MDMA may mostly be known as an illicit party drug, but this psychoactive chemical looks to offer therapeutic applications far removed from the highs of the rave scene.
In fact, MDMA-assisted therapy could soon become a legal and approved way to treat post-traumatic stress disorder (PTSD) in the United States.
In the first phase III clinical trial for any psychedelic-assisted therapy, MDMA has shown more potential to help treat PTSD with therapy than possibly any other medicine we've got.
After just three sessions, patients who were given MDMA during therapy were 35 percent less likely to meet the diagnosis for PTSD than those given a placebo.
At the two month follow-up, 88 percent of the volunteers who underwent MDMA-assisted therapy experienced a clinically significant reduction in their symptoms - 28 percent higher than those who received therapy with just a placebo.
"Far from having no medical benefit, MDMA, when combined with talk therapy in this protocol, has the potential to catalyze the therapeutic process and generate positive mental health outcomes," says Rick Doblin, the executive director of the Multidisciplinary Association for Psychedelic Studies (MAPS) in San Jose, California, which is running the trials.
MDMA is currently listed as a Schedule 1 drug in the US, designated for substances with no legitimate medical purpose. For years, scientists have been trying to overturn this status, and in 2017, after promising animal and clinical results, the FDA labeled MDMA a 'breakthrough therapy' for PTSD, as long as it was used in conjunction with psychotherapy.
Scientists still aren't really sure how the amphetamine works to assist therapy, but some speculate it creates a 'window of tolerance' where people can reflect on traumatic events without overwhelming themselves or experiencing dissociation.
Phase II clinical trials have already shown the drug has promising effects and is safe to use in regulated doses under supervision. Over the course of a year, 67 percent of patients who received two or three sessions of MDMA-assisted therapy no longer showed signs of PTSD. Only 23 percent of the control group saw the same benefits.
Phase III clinical trials are usually larger and longer, but because of COVID-19, the sample size in the latest experiment was a bit smaller than researchers had planned.
The study randomized 90 participants with severe and chronic PTSD into two double-blinded groups. The first group was given three MDMA-assisted therapy sessions while the other group was given a placebo during therapy sessions.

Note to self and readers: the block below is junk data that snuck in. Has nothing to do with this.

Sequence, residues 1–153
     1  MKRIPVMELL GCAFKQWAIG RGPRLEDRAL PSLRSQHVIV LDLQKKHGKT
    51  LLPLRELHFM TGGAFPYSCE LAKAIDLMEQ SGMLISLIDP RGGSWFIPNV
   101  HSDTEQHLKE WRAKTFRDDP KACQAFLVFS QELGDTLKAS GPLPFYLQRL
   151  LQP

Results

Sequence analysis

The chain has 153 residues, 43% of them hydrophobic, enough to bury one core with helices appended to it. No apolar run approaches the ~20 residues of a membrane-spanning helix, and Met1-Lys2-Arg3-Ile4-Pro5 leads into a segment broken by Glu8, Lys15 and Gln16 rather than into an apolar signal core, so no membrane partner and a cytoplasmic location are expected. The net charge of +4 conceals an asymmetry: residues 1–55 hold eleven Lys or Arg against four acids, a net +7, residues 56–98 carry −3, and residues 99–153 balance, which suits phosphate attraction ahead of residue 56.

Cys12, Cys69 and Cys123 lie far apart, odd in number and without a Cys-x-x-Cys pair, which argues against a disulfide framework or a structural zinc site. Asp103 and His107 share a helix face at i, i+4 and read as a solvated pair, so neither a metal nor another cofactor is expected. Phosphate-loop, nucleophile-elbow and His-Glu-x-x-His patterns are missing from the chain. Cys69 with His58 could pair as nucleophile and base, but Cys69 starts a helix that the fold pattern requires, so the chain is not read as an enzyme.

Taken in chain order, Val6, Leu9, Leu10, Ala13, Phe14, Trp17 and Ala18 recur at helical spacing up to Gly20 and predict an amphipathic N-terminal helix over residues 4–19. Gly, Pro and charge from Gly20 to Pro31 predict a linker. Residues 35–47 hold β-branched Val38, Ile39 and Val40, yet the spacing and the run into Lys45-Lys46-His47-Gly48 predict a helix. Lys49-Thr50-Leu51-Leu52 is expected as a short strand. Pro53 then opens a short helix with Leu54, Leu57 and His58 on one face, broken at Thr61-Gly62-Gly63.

Over the course of the 18-week study, researchers found "significant and robust attenuation of PTSD symptoms" and a lessening of some depressive symptoms, too.
Even among people with the most difficult-to-treat PTSD, the novel form of therapy appeared to help.
"MDMA is an experiential therapeutic and therefore necessitates the appropriate set and setting to truly guide change and recovery," says neurologist Jennifer Mitchell from the University of California, San Francisco.
"While many forms of PTSD therapy involve recalling previous trauma, the unique ability of MDMA to raise compassion and understanding while tamping down fear is likely what enables it to be so effective."
The clinical trial did not directly compare MDMA to current drugs used to treat PTSD, such as the selective serotonin reuptake inhibitors (SSRIs) sertraline and paroxetine, but today, these medications are known to only work for some people, and they generally come with smaller benefits.
In similar clinical trials, participants treated with sertraline and a placebo have shown effect sizes no greater than 0.37.
"By contrast, the effect size of 0.91 demonstrated in this study between MDMA-assisted therapy and placebo with therapy was larger than that for any other previously identified PTSD pharmacotherapy," the authors write.
Further research is needed to compare current PTSD treatments with MDMA directly, but the authors hope their results mean MDMA will continue to be fast-tracked for FDA approval.
The second half of the phase III clinical trial is now underway, expanding the research to 50 more patients. Volunteers from the first half of the trial will continue to be followed for long-term research.
"Compared with current first-line pharmacological and behavioral therapies, MDMA-assisted therapy has the potential to dramatically transform treatment for PTSD and should be expeditiously evaluated for clinical use," the authors conclude.
The team hopes for FDA approval as soon as 2023.
The study was published in Nature.